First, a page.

WHEN China designated its latest special economic zone earlier this year in Yili, in the northwestern province of Xinjiang on the border with Kazakhstan, much of the necessary infrastructure was in place.
The area already has a container port which will be further developed and the government completed a new electric train line from the border to the provincial capital Urumqi last year, according to reports.
As the undisputed master of developing economic zones to drive the overall economy, China has focused on a low number of special economic zones in areas with good trade links and suitable infrastructure.
And in the case of Shenzhen, the mainland city bordering Hong Kong – considered the biggest SEZ success story in China, the state mobilised a significant chunk of the funds to kickstart the project which as a percentage of total investment was slowly reduced over time and replaced by capital from the private sector.
Cambodia’s SEZs mirror this hugely successful model mostly in name only.
Instead of focusing on a small number of large SEZs and building infrastructure around them, the government has handed out more than 20 SEZ licences, mostly to well-placed business people including Kith Meng, Mong Reththy and Lao Meng Khin.
Still around two-thirds are idle, some more than eight years after approval.
Whereas countries such as China have helped develop key infrastructure around SEZs to give them the best chance of success, those in Cambodia have required the developers themselves to foot the bill for even basic utilities such as electricity supply. And at 20 percent, the corporate tax rate offered in Cambodian SEZs is less attractive than the 15 percent offered in China at the start of its own SEZ experiment.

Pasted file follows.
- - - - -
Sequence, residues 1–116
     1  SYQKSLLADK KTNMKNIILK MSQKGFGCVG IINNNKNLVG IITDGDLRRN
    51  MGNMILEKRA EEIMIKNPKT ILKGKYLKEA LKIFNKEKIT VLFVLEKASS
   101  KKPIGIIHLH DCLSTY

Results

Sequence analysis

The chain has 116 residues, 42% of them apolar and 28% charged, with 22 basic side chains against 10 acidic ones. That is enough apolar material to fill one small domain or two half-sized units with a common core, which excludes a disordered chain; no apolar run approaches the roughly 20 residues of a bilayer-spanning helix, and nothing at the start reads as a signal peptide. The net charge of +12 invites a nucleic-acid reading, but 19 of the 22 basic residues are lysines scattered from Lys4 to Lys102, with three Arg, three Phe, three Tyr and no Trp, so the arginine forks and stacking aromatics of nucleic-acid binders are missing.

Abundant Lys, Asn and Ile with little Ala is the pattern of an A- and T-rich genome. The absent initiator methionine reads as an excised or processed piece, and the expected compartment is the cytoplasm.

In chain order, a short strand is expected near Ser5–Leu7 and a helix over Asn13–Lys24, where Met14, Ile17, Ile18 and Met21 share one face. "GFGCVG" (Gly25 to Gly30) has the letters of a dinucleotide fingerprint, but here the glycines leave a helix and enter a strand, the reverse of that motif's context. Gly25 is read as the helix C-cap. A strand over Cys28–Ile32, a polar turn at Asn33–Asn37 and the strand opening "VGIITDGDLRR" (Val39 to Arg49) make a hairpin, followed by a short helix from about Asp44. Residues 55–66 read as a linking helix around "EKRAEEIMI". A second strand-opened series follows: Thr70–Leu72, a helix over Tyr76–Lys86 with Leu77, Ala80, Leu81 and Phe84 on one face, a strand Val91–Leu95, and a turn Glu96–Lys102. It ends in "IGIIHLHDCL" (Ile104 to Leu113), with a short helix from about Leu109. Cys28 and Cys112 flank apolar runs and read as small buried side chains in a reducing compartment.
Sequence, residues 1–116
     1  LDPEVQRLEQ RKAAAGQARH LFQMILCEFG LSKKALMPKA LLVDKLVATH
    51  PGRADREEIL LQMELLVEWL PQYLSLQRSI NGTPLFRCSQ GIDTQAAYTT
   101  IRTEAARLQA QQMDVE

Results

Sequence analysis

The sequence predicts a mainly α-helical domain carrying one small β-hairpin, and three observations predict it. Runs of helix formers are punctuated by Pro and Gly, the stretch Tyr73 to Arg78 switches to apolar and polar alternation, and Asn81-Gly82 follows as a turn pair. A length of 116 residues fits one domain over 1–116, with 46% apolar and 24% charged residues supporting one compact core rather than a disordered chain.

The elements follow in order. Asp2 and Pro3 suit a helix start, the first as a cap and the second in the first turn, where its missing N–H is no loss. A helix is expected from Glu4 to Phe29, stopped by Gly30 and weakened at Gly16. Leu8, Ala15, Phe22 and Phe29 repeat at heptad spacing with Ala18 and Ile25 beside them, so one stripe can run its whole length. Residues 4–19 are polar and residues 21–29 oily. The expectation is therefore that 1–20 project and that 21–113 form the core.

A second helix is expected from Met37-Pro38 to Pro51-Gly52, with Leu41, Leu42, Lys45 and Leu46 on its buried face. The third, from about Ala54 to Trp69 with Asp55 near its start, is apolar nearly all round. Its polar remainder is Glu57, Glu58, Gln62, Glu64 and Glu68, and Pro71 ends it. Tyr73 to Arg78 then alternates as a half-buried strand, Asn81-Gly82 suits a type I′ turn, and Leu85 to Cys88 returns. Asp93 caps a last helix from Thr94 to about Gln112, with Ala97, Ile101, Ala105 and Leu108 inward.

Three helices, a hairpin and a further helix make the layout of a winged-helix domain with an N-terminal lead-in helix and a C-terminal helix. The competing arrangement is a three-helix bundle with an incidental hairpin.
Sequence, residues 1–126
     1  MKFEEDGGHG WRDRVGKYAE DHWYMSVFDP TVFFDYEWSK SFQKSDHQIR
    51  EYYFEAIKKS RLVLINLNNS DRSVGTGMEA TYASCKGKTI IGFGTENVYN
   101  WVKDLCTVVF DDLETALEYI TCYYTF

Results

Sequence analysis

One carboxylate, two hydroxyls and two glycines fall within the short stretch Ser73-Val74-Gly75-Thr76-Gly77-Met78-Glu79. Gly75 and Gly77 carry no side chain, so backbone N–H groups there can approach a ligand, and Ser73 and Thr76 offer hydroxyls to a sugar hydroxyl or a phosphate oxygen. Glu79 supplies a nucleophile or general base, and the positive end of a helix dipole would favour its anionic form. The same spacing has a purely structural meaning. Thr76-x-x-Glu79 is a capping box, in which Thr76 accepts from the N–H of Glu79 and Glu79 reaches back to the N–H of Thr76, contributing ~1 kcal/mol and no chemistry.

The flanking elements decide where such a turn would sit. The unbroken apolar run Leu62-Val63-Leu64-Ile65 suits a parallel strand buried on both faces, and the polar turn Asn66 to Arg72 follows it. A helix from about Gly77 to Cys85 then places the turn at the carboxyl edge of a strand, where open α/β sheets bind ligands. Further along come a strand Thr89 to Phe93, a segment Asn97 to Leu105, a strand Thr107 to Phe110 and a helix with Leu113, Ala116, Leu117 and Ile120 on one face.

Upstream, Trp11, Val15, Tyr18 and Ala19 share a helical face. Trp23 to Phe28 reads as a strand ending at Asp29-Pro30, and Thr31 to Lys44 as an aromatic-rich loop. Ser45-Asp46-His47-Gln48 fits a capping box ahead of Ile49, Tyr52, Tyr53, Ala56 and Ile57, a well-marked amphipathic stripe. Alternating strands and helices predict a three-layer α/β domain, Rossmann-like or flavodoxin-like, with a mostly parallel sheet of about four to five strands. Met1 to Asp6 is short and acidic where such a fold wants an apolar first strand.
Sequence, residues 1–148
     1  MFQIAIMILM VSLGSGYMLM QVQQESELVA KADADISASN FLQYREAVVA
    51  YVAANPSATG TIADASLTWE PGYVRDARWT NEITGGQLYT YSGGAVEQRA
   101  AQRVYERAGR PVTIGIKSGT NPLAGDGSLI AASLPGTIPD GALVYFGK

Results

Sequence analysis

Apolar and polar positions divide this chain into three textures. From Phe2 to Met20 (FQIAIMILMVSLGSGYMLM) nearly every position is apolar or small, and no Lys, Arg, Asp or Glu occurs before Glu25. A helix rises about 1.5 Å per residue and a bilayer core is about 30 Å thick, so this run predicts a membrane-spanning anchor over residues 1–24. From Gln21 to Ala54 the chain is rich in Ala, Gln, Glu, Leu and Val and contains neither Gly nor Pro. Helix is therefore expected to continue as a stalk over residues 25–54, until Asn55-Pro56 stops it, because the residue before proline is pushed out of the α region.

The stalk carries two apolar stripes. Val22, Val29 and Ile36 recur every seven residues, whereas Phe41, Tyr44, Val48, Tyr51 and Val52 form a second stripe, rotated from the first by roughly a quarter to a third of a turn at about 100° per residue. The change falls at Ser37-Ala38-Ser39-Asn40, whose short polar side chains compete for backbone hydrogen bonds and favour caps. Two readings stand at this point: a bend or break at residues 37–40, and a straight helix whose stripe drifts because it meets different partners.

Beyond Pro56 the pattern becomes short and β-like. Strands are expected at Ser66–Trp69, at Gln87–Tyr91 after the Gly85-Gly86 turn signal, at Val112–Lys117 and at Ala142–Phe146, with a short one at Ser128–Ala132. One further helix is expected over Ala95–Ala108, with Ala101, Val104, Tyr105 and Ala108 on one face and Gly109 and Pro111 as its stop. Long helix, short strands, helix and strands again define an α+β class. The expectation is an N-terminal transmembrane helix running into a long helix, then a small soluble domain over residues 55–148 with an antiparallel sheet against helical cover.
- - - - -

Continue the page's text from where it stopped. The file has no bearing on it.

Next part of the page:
Having celebrated 30 years of Shenzhen in September, there is no doubt that China has had a great deal more time to develop its SEZ program and with far greater economic resources at its disposal, the Chinese government has been much better equipped to set up these areas than the Cambodian government.
But that suggests even more reason to keep the numbers small so the state and private developers can concentrate on channelling capital to a select number of sites.
There is no doubt that Cambodian SEZs can attract large companies.
Japanese food seasoning multinational Ajinomoto opened its first packing factory at the Phnom Penh SEZ in October and Hyundai is scheduled to begin assembling vehicles at the Neang Koh Kong SEZ in the coming months.
However, these sites are among the few that have attracted any companies at all, suggesting its time the government had a rethink of its SEZ policy. After all, as China has already demonstrated, a proactive and well-funded policy on SEZs can mean all the difference when it comes to accelerating economic development.